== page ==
Six Things You Should Know About Survival Swim Lessons

In the last few years, you’ll have noticed a push for kids to start swim lessons earlier on in life. What age can babies take swim lessons? Well, according to new recommendations from the American Academy of Pediatrics, the best age to start swimming lessons is now thought to be right around a baby’s first birthday. And this is giving people some feelings.

If you’re a Mom with a Facebook account, you’ve probably seen the terrifying videos of someone carelessly throwing a baby in footed pajamas into a pool. This video has taught you what to expect at baby swim lessons, and you don’t like what you see. You’ve probably yelled at your computer screen when the baby seemed to struggle to roll onto his back. You may have even tried to jump into the computer to rescue the baby that’s working way too hard to get back to the side of the pool.

When it was all over, you huffed and said, “that cannot POSSIBLY be the best age to start swim lessons. Are you crazy??” And while I generally don’t insist to people that I’m in my right mind, I will tell you that I’ve done that. Three times.

Not to say that it didn’t sometimes have me on the edge of my seat, but now that I’m five years into this survival swimming thing I can say with confidence that if you’re wondering what age can babies take swim lessons? Well, the best age to start swim lessons is whatever age your kids are now. Here’s what to expect at baby swim lessons.

Swim instructor with tiny infant floating in water. Text overlay: Afraid of infant swim lessons? 6 reasons you don't need to be!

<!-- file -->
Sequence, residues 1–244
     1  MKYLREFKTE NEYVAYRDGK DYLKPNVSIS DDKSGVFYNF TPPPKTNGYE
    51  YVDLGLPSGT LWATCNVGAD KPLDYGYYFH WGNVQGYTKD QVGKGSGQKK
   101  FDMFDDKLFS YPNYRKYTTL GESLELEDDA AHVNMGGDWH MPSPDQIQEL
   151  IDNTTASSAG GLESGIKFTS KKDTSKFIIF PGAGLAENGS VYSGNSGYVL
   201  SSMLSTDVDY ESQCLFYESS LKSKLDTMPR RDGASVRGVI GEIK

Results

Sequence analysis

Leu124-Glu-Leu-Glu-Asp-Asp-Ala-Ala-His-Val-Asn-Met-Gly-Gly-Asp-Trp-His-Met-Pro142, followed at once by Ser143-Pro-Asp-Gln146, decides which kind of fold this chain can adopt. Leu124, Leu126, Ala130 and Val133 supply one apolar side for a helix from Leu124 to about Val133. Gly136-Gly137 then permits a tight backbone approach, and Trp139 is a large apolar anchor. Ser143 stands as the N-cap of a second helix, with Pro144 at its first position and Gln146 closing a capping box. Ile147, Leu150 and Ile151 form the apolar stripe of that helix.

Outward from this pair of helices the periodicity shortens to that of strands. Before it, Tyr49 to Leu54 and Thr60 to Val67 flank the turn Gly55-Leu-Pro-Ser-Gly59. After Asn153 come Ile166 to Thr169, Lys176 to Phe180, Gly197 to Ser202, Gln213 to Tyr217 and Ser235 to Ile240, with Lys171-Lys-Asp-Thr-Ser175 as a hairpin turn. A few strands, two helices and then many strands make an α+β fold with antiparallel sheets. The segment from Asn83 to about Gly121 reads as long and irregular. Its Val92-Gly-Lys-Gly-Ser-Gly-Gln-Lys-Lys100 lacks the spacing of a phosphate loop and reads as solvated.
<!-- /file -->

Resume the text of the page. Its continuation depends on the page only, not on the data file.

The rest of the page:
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The Instructors Know What They’re Doing

I remember the first time I brought my parents to my baby’s survival swim lesson. I had been taking her in secret for about six months because I knew my parents had no idea what to expect at baby swim lessons. My Mom was horrified that I would hand my precious baby over to some stranger in a pool. I tried to explain that he was a) only a stranger to my parents, not to me or my daughter, and that b) he wasn’t like some unqualified stranger off the street. It wasn’t his first day on the job. They don’t just go and hand a newborn baby to a person that’s never taught an infant swim lesson before.

Beyond that, our swim teachers have become like family. They have spent countless hours holding my babies, comforting them, and bonding with them. They have taught them how to swim and how to trust.

Swim instructor holding and infant in the water the baby is floating on it's back.

Babies Have a Natural Dive Reflex

It may seem hard to believe, but infants are actually more predisposed to be successful at swim lessons than an older child or even toddler, making the early years the best age to start swim lessons. I mean, think about it. Your kid just spend nine months under water, so it’s pretty much their natural habitat! After birth, this reflex is known as the mammalian diving reflex and it’s actually about so much more than just knowing to hold their breath.

According to Popular Science, “When the face of an infant is exposed to cold water, the heart slows down and blood is shifted away from the peripheral muscles to conserve oxygen for the brain and heart, and they typically hold their breath.” If you want to test this, but are afraid of dunking your baby, blow a little puff of air in their face and watch what they do! See the way they hold their breath? That’s part of the dive reflex in action!

Your Kid Might Cry – and That’s Okay!

When we first started wondering what age can babies take swim lessons, our son was ten months old. And boy did he cry! Truth be told, he didn’t cry – he screamed. People thought I was cruel for “forcing him” to do something he clearly didn’t want to do. There was concern that I was damaging him somehow by making him do something he was afraid of. But it would have been silly to assume he wouldn’t cry. And it would have been even more silly to remove him from the lessons because of those tears.